While Old Bavaria is overwhelmingly Roman Catholic, Franconia is a mixed area. Lower Franconia and the western half of Upper Franconia (Bamberg, Lichtenfels, Kronach) is predominantly Catholic, while most of Middle and the eastern half of Upper Franconia (Bayreuth, Hof, Kulmbach) are predominantly Protestant (Evangelical Church in Germany). The city of Fürth in Middle Franconia historically (before the Nazi era) had a large Jewish population; Henry Kissinger was born there.
East Franconian German is very different from the Austro-Bavarian language. Most Franconians do not call themselves Bavarians, but their insistence on this point is generally a lighthearted matter in modern times. In fact, Franconians will most likely take umbrage at insults directed at Bavaria. Even if there is no Franconian state, red and white are regarded as state colours (Landesfarben) of Franconia. The existence of the region of Heilbronn-Franken in Baden-Württemberg is largely ignored outside this state.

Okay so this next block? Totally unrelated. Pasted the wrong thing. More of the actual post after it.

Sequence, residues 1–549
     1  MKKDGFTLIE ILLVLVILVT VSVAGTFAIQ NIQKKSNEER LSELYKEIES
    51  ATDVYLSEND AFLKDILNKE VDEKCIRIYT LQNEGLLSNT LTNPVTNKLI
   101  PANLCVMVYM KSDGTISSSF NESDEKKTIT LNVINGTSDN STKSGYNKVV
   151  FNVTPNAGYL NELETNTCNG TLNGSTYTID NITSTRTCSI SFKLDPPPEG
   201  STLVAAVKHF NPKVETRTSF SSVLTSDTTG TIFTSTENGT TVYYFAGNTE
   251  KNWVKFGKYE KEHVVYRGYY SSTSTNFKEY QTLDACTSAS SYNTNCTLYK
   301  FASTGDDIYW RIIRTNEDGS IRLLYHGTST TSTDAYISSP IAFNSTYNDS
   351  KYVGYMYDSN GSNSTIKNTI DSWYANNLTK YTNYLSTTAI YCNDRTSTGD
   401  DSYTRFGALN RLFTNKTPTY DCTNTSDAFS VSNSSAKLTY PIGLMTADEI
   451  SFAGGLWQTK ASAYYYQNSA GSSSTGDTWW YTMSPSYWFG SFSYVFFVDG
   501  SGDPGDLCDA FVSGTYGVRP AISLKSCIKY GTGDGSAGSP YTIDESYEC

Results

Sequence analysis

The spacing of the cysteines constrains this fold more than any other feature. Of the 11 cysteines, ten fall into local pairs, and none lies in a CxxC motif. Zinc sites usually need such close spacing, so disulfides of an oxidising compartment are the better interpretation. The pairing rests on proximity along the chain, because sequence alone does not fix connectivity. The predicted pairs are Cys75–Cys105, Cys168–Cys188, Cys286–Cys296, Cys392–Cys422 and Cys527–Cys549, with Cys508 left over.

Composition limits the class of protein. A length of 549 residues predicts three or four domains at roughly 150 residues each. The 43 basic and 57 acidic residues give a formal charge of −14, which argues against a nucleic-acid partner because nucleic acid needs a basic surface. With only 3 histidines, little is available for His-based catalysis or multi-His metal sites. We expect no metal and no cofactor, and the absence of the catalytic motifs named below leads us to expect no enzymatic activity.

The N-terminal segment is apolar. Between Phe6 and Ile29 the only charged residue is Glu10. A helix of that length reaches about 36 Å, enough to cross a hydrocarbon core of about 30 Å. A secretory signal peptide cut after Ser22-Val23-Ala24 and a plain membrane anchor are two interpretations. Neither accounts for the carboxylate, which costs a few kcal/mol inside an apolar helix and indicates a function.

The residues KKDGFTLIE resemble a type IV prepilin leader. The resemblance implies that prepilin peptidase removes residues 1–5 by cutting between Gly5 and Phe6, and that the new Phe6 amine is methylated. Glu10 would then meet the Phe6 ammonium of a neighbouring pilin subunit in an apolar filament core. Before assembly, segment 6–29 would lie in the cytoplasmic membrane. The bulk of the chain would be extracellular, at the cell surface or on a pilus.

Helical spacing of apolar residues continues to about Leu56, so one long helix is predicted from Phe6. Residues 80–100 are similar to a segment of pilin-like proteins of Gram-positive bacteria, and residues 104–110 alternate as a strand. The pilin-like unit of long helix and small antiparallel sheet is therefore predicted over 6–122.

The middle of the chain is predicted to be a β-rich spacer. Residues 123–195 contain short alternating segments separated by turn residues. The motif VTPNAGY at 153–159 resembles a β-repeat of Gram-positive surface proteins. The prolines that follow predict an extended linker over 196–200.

Franconia has almost 300 mainly local, small breweries. The northwestern parts, the areas around river Main called Franconian wine region produce also a lot of wine. Food typical for the region includes Bratwurst (especially famous small Nuremberger Bratwurst), Schäuferla, Sauerbraten, dumplings, fried carp, Obatzda, Head cheese. A traditional sort of biscuit are Lebkuchen or Küchla (sort of sweet fried dough).
- Bezirk of Lower Franconia
- Government of Lower Franconia
- Bezirk of Middle Franconia
- Government of Middle Franconia
- Bezirk of Upper Franconia
- Government of Upper Franconia English pages available
- The Baden-Württemberg region of Heilbronn-Franken
- Dukes of Franconia
- Franconia images
- Reuter, Timothy. Germany in the Early Middle Ages 800–1056. New York: Longman, 1991. ISBN 0-582-49034-0
- Cantor, Norman, The Civilization of the Middle Ages. 1993. ISBN 0-06-017033-6